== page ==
Historically concrete is a roman invention made from changing recipe of lime motor, volcanic sand, water and small stone. The mixture was placed in wooden frame and left to dry bond with a fairing of brick or stones in a procedure somewhat like the casting of status in bronze or other metals. When the concrete were completely dried, the wooden moulds were removed leaving behind a solid mass of great strength. The properties of concrete depend on the quantities and qualities of its components because cement is the most component of concrete and usually has the greatest unit cost, its selection and proper use are important in obtaining most economically the balance of properties desired for any particular concrete mixture.

2.3 Constituents of Concrete
There are three major constituents of concrete which include the following:

1. Cement
Cement is made by heating limestone (calcium carbonate) with small quantities of the other materials such as clay in a kiln, in process known as calcinations, whereby a molecule of carbon dioxide is liberated from calcium oxide, or quicklime, which is then blended with other materials that has been included in the mix of which the breakdown of the chemical make-up (by mass) are shown in the table 2.1. the resulting hard substance, called ‘clinker’, is then grounded with a small amount of gypsum into powder to make ‘ Ordinary Portland cement’ the most commonly used type of cement today.

Table 2.1 The Chemical Composition of Portland cement

Minerals Chemical formula Oxide composition Abbreviation Percentage%
Tricalciumsilicate (alite) Ca3SiO5 3CaO,SiO2 C3S 50-70%
Dicalcium silicate (belite) Ca2SiO4 2CaO,SiO2 C4S 15-30%
Tri-calcium aluminate Ca3Al2O4 3CaO,Al2O3 C3A 5-10%
Tetra-calcium aluminoferrite 4Cao,AlnFe2NO7 4CaO,AlnFe2NO3 C4AF 5-10%
Calcium& magnesium oxides CaO&MgO 3-8%

Source: Jackson N. (1983)

The hydration of calcium silicate, aluminate, and alluminoferrite minerals, causes the hardening, or setting of cement. The ratio of C3S to C2S helps to determine how fast the cement will set. Faster setting occurs with higher C3S content, lower C3A contents, promotes resistance to sulfates. Higher amount of ferrites leads to slower hydration, also, the ferrite phase causes the brownish gray colour in cements, so that ‘white cement’ (i.e. those that are low in C4AF) are often used for aesthetics purposes. The calcium aluminoferite (C4AF) forms a continuous phase around the other mineral crystallites, as the iron containing species act as a fluxing agent in the rotary kiln during cement production and are the last to solidify around the others. Hydration involves many of different reactions often occurring the same time. As the reaction proceed, the products of the cement hydration process gradually bond together the individual sand and gravel particles and other components of the concrete, to form a solid mass.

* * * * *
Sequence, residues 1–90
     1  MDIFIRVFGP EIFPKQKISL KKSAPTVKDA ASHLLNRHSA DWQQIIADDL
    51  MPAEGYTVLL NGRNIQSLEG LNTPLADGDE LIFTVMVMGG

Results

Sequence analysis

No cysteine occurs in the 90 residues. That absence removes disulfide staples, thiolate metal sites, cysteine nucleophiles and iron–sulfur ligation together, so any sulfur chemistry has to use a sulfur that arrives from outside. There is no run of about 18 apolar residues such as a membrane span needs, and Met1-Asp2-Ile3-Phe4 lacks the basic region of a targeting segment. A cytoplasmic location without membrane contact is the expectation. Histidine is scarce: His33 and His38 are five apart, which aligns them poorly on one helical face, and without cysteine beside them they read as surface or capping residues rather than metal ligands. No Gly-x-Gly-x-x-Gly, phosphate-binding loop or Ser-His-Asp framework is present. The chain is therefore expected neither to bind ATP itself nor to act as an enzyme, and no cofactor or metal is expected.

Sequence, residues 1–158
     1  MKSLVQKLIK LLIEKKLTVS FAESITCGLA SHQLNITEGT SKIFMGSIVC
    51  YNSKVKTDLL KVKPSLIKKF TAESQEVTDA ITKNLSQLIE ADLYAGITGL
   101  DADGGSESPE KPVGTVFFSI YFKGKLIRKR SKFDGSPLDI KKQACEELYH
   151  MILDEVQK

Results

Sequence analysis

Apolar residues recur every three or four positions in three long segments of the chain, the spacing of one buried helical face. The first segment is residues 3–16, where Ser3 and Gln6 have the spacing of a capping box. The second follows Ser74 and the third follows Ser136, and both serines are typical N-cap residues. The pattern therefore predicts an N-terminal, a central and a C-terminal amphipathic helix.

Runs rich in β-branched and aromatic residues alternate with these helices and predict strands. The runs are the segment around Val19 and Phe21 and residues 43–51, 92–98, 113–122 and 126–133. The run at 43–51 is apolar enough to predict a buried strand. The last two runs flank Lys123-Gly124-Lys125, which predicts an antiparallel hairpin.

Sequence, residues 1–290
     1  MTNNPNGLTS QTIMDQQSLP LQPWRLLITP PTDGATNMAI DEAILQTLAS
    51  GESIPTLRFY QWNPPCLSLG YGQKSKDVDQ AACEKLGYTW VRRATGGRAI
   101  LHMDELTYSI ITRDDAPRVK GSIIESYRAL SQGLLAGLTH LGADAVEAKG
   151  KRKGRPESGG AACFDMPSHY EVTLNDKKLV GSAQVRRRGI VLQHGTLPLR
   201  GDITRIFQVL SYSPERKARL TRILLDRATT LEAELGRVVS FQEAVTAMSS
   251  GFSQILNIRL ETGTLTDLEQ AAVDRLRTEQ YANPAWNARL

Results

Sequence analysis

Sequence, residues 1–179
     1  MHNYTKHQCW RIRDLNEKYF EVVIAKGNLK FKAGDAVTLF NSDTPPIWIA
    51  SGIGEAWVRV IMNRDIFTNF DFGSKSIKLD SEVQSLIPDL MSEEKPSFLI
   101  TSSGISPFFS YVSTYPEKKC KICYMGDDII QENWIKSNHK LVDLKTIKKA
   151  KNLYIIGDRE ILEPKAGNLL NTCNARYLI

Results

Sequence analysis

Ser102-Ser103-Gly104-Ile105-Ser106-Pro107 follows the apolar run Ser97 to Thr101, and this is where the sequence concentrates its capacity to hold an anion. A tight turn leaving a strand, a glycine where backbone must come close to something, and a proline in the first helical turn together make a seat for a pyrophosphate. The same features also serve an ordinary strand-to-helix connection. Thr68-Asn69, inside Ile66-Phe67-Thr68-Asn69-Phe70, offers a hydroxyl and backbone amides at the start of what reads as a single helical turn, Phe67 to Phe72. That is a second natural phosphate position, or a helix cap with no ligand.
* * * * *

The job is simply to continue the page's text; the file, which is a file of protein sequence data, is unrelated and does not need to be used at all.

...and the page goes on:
2. Aggregate
Aggregates are inert granular materials such as sand, gravels or crushed stone that, along with water and Portland cement is essential ingredient in concrete. For a good aggregate mix, aggregate need to be clean, hard, strong particles free of absorbed chemicals or coating of clay and other fine materials that could cause the deterioration of concrete. Aggregate typically consist of 70% to 80% of the concrete volume, but it is commonly thought as inert filler having little effect on the finished concrete properties. In fact, aggregate plays a substantial role in determining workability, strength, dimensional ability and durability of the concrete also has significant effect in the cost of concrete mixture (port land cement association).Aggregate can be classified as:

a) Normal Weight aggregates; it specific gravity ranges from 1.5-3.0. Usually gotten from natural rock weathering e.g. gravel, sand and crushed rocks. Blast furnace slag, limestone, sandstone, granites etc. are further examples. The produce concrete of density 2000-3000kg/m3.